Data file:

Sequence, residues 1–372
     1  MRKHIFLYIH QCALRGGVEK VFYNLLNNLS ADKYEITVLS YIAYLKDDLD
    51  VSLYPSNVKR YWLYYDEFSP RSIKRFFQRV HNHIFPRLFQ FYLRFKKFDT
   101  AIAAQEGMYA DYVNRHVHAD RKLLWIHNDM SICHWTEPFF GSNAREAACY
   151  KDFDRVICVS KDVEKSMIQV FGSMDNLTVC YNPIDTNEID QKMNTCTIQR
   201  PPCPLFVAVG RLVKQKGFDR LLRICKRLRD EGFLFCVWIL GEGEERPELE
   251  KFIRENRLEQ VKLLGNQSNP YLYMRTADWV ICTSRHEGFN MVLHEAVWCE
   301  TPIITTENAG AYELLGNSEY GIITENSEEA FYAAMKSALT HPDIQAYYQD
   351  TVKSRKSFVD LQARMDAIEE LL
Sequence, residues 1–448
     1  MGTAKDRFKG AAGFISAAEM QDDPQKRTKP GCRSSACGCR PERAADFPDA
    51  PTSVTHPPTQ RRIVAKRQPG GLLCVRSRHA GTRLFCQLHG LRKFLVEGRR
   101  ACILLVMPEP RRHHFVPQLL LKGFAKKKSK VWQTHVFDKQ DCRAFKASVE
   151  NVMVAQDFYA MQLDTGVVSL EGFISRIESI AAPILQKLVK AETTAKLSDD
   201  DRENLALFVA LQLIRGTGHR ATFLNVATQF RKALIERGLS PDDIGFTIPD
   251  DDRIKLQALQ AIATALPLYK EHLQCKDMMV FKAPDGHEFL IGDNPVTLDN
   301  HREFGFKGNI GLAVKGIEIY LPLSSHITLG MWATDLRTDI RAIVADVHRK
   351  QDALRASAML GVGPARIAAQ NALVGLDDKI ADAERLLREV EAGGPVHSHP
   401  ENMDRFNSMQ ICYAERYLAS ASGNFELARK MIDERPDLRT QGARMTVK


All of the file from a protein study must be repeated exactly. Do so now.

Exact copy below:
Sequence, residues 1–372
     1  MRKHIFLYIH QCALRGGVEK VFYNLLNNLS ADKYEITVLS YIAYLKDDLD
    51  VSLYPSNVKR YWLYYDEFSP RSIKRFFQRV HNHIFPRLFQ FYLRFKKFDT
   101  AIAAQEGMYA DYVNRHVHAD RKLLWIHNDM SICHWTEPFF GSNAREAACY
   151  KDFDRVICVS KDVEKSMIQV FGSMDNLTVC YNPIDTNEID QKMNTCTIQR
   201  PPCPLFVAVG RLVKQKGFDR LLRICKRLRD EGFLFCVWIL GEGEERPELE
   251  KFIRENRLEQ VKLLGNQSNP YLYMRTADWV ICTSRHEGFN MVLHEAVWCE
   301  TPIITTENAG AYELLGNSEY GIITENSEEA FYAAMKSALT HPDIQAYYQD
   351  TVKSRKSFVD LQARMDAIEE LL
Sequence, residues 1–448
     1  MGTAKDRFKG AAGFISAAEM QDDPQKRTKP GCRSSACGCR PERAADFPDA
    51  PTSVTHPPTQ RRIVAKRQPG GLLCVRSRHA GTRLFCQLHG LRKFLVEGRR
   101  ACILLVMPEP RRHHFVPQLL LKGFAKKKSK VWQTHVFDKQ DCRAFKASVE
   151  NVMVAQDFYA MQLDTGVVSL EGFISRIESI AAPILQKLVK AETTAKLSDD
   201  DRENLALFVA LQLIRGTGHR ATFLNVATQF RKALIERGLS PDDIGFTIPD
   251  DDRIKLQALQ AIATALPLYK EHLQCKDMMV FKAPDGHEFL IGDNPVTLDN
   301  HREFGFKGNI GLAVKGIEIY LPLSSHITLG MWATDLRTDI RAIVADVHRK
   351  QDALRASAML GVGPARIAAQ NALVGLDDKI ADAERLLREV EAGGPVHSHP
   401  ENMDRFNSMQ ICYAERYLAS ASGNFELARK MIDERPDLRT QGARMTVK